rediff.com

NewsApp (Free)

Read news as it happens
Download NewsApp

Available on  

Rediff News  All News 
Rediff.com  » Getahead » How to check your financial health: III

How to check your financial health: III

Last updated on: May 20, 2009 17:56 IST

How to check your financial health: I
How to check your financial health: II
 
After checking for your own solvency and liquidity in your portfolio you are now ready to face any emergency situation and are up-to-date on the risk-management front. Today we shall move forward and have a look at another important parameter of financial health: savings as determined by the savings ratio.
 
Savings ratio
 
What is savings? A very wise elderly gentleman once gave me some million-dollar advice for free even before I had started earning.
 
His advice was, 'Whenever you start earning; even if you are earning Re 1, first keep 10 paisa aside in your piggy bank and do whatever you please with your remaining 90 paisa.' 
 
I know many youngsters find it extremely difficult to digest this logic.
 
The first picture that springs in the mind of today's youth when they see their first paycheck would most probably be a shopping list of all the things that they had always wanted. Savings take a back seat to luxuries.
 
But just by following the above-mentioned rule diligently, they will see how the amazing power of compounding (go through this link to understand the topic better: http://specials.rediff.com/getahead/2009/mar/24slide1-the-power-of-compounding.htm) can turn their small amounts of meagre savings into fortunes.
 
While it is accepted that savings should be an integral part of your life here's why you need to save money. There are various reasons: for your child's education or marriage; your retirement; for buying a house or a car; for going on a world tour; for medical and other emergencies...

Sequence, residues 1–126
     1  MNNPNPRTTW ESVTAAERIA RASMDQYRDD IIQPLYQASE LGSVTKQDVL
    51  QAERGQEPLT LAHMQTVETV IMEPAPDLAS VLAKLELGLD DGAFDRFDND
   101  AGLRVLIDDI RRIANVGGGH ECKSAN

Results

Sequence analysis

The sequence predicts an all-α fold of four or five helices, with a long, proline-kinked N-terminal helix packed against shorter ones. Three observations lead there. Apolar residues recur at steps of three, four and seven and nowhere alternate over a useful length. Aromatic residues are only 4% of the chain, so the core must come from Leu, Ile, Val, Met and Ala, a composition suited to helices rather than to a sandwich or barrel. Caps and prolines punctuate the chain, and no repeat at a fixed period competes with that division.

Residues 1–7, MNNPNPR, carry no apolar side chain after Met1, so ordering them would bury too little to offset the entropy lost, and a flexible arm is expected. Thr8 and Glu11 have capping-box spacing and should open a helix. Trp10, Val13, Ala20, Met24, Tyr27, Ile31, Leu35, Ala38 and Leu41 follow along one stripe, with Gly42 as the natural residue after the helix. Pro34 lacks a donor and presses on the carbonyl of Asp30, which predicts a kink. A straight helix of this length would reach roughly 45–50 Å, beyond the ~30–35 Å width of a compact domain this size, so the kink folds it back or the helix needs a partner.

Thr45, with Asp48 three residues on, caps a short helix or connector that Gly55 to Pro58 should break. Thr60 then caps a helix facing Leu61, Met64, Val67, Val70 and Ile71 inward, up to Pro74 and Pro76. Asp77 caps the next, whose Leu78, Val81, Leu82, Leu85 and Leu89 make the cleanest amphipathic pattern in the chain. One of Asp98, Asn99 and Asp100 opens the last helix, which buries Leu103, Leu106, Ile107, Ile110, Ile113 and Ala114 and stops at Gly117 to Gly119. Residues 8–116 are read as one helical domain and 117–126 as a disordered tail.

The list goes on. As human wants are endless, no sooner does one goal gets fulfilled there is another goal knocking hard at your door. Some goals are foreseen whereas others are unforeseen.
 
But if you have saved regularly from the start, you will be well prepared for all foreseen and unforeseen expenses.
 
Enough of gyaan? Now let's come to the heart of the subject. So what is the precise amount that you need to save?
 
Typically, savings depends on what goals you want to achieve in life. But a minimum amount of savings is a must, goals or no goals. Let us have a look:
 
Savings ratio = Savings / Gross income, where

Savings include all your regular form of savings such as any systematic investment plan (SIP) of mutual funds, recurring deposits of post office, or any banks or any other form of regular savings.
 
Gross Income includes

  • Business/ professional income
  • Salary
  • Bonus
  • Employer's Provident fund contribution
  • Interest/ Dividend
  • Rent
  • Any other form of income

All the above add up to your income.
 
Assuming that you are saving Rs 60,000 yearly, that is, Rs 5,000 every month and assuming your gross yearly income from different sources of income comes to Rs 7 lakh then your savings ratio would be calculated as: 60,000/70,0000 * 100= 8.57 per cent.
 
This simply means that you are saving 8.57 per cent of your gross income.
 
But is it good?
 
No. The ideal ratio is 10 per cent. At least 10 per cent of your income should go towards investing. It can increase based on the goals to be achieved but 10 per cent is a must.
 
What does it signify?
It signifies the importance of savings, even small amount, on a regular basis. 
 
Just as Paul Clitheroe, an Australian television presenter, financial analyst and financial advisor wisely says, 'I don't think investment is that hard. It's doing simple things on a regular basis.' So true!
 
Once you develop this attitude, saving money becomes a matter of habit.
 
Also, the power of compounding (go through this link to understand the topic better: http://specials.rediff.com/getahead/2009/mar/24slide1-the-power-of-compounding.htm) works wonders for your savings. Small amounts saved from the beginning will start earning on its own as it grows.
 
Eventually as and when you can, increase the amount of savings to reap greater benefits.
 
Next week: Debt to asset ratio 
 
How to check your financial health: I
How to check your financial health: II

Sheetal Jhaveri